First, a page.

This post was originally published on May 30, 2014.
When you think of somebody getting high off cough syrup, what do you picture? If you’ve been following the pop music circus, you’re probably picturing Justin Bieber or Lil Wayne, sipping sizzurp (aka “purple drank” or “lean”). If you’ve been hiding under a rock since 2010, sizzurp is prescription-strength cough syrup (because promethazine and codeine) mixed with melted hard candy and soda (because a spoonful of sugar yadda yadda ya). Originating in the southern hip-hop scene—just listen to any Three 6 Mafia track—codeine cough syrup exploded into a nationwide craze over the past few years, with groups as decidedly un-southern and un-hip-hop as Young the Giant devoting entire songs to the toxic concoction. The problem grew so big that syrup manufacturer Actavis actually pulled it off the market without FDA intervention. But the US isn’t the only place cough syrup has taken hold. Apparently it’s also huge in Lebanon.
Some Lebanese Just Can’t Shake That Cold
It seems the youth of Beirut are getting hooked on Cemo, a Syrian version of high-codeine cough syrup. The trend caught fire two years ago among students at Lebanese American University (LAU), the elite private college that houses some of the richest kids in the country. To buy Cemo, which has been banned under Lebanese law, users have to drive to Dahiyeh, a part of town where Hezbollah has seized the roles of police, army and government. The disorder in Syria beginning in 2011 has made it easy for shipments of Cemo to pass into Lebanon disguised as lightbulbs. But the government has continued to crack down in the face of publicity, driving prices skyward—up to $100 per bottle. According to 22-year old Nada, an addict who shared her experience with Vice, that’s enough for about five hours of numbness. “Nothing matters in that moment. It’s just you, your thoughts. All the rest is gone.” No Jolly Ranchers or Sprite in this mix—the Lebanese kids down it straight from the bottle. Hardcore.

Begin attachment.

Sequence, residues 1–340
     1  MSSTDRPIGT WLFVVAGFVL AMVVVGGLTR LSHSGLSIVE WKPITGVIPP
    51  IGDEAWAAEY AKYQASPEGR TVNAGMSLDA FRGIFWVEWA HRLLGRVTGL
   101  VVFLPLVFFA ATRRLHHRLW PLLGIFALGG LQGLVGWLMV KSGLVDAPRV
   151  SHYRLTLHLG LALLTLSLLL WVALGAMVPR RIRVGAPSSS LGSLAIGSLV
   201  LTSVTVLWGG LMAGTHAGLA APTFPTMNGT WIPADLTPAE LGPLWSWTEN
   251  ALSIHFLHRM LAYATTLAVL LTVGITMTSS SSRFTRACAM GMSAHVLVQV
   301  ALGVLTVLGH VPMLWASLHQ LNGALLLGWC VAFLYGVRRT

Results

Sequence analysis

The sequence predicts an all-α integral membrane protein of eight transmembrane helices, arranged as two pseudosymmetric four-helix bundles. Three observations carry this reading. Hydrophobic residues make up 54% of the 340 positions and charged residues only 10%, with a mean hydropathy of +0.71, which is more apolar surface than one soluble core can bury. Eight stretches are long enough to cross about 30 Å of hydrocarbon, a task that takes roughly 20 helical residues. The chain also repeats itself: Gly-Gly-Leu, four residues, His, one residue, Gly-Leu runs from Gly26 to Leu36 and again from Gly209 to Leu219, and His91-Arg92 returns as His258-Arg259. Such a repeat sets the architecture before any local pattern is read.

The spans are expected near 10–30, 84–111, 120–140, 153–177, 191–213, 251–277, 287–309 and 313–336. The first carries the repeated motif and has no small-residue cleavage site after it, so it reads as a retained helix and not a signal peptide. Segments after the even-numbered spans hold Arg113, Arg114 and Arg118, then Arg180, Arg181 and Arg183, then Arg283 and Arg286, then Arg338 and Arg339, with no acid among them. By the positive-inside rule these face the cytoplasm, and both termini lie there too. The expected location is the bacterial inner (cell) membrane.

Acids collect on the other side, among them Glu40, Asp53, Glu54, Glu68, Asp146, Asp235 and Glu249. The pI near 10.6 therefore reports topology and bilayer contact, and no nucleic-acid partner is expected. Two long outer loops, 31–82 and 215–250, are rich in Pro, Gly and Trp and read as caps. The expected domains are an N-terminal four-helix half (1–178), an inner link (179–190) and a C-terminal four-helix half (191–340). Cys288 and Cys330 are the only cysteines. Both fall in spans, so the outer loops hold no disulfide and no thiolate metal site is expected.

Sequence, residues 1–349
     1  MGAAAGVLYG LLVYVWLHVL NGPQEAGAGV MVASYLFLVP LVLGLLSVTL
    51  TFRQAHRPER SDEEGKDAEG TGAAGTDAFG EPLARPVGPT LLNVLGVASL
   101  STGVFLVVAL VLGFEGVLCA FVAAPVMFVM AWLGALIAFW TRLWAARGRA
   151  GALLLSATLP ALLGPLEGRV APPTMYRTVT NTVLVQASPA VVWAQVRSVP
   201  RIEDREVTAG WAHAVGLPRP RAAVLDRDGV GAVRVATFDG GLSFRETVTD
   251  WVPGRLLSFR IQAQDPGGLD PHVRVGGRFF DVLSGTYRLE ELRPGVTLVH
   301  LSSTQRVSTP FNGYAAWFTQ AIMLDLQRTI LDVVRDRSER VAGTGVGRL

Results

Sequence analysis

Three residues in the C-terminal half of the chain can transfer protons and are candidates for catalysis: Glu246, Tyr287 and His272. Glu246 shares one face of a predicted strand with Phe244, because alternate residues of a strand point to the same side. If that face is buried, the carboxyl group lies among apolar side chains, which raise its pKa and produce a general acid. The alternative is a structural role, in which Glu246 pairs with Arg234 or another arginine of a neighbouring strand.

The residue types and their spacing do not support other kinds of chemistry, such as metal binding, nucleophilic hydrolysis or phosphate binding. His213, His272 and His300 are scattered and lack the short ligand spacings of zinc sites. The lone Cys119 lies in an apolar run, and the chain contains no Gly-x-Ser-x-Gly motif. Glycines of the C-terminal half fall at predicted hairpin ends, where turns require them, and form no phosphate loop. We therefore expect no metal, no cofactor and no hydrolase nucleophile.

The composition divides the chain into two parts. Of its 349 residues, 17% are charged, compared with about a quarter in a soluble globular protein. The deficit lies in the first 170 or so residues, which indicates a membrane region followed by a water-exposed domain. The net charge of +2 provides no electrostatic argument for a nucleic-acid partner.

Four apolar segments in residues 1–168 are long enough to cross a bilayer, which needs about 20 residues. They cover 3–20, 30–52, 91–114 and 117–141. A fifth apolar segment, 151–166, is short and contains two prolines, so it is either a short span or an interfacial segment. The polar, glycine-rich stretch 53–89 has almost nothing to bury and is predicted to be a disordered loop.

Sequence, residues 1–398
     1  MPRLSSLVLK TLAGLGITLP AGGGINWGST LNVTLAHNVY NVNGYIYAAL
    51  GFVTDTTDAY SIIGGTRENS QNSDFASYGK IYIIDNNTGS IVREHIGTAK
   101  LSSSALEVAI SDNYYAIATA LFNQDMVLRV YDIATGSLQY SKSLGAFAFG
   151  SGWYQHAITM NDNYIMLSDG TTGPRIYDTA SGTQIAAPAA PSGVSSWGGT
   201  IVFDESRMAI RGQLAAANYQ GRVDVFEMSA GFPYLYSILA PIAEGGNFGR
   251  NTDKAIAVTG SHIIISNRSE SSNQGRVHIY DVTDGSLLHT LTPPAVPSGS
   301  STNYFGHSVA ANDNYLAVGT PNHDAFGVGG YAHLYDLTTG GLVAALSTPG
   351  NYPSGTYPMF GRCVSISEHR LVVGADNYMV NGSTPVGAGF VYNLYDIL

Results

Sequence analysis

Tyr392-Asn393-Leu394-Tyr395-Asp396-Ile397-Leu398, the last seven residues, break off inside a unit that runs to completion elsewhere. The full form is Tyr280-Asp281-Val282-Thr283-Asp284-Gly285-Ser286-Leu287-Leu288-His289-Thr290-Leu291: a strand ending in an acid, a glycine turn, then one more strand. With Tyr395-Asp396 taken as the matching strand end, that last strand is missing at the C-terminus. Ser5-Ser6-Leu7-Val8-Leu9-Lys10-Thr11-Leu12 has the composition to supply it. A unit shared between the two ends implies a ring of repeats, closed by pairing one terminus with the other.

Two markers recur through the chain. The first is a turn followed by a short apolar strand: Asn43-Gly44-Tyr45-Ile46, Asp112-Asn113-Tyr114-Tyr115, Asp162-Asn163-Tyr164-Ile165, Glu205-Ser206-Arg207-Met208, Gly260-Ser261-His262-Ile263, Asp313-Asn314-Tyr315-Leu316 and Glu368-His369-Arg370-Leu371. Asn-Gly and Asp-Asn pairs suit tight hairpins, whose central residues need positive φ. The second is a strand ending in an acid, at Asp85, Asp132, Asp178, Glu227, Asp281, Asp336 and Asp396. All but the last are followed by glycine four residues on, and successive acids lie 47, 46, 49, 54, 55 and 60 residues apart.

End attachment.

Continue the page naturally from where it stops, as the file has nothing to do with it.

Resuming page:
After drinking Cemo, users plunge into isolated silence, dead to the world and averse to physical contact—not quite what we picture when we read about Bieber’s party antics. Perhaps the precise pharmacology of Cemo is different from its American counterpart, the sweetened elixir that leaves rappers feeling so fly like a G6. In any case, there’s no doubt guzzling cough syrup poses health dangers. Although Lil Wayne survived his sizzurp-induced seizures last year after six days in the ICU, other hip-hop artists have been less lucky.
Out of Sight and Out of Control
With the black market being driven deeper and deeper underground, no statistics exist on the number of Cemo addicts in Beirut, or whether any syrup-related deaths have occurred there. It took a few months for the liquid to ensnare Nada, who found herself using “every time something was wrong or [she]had nothing to do.” Life’s too short to even care at all—or so says the Young the Giant song that served as the soundtrack to Nada’s first quest for the codeine high. If you drink enough cough syrup, unfortunately, it just might be.
Photo courtesy of TheFameFatale
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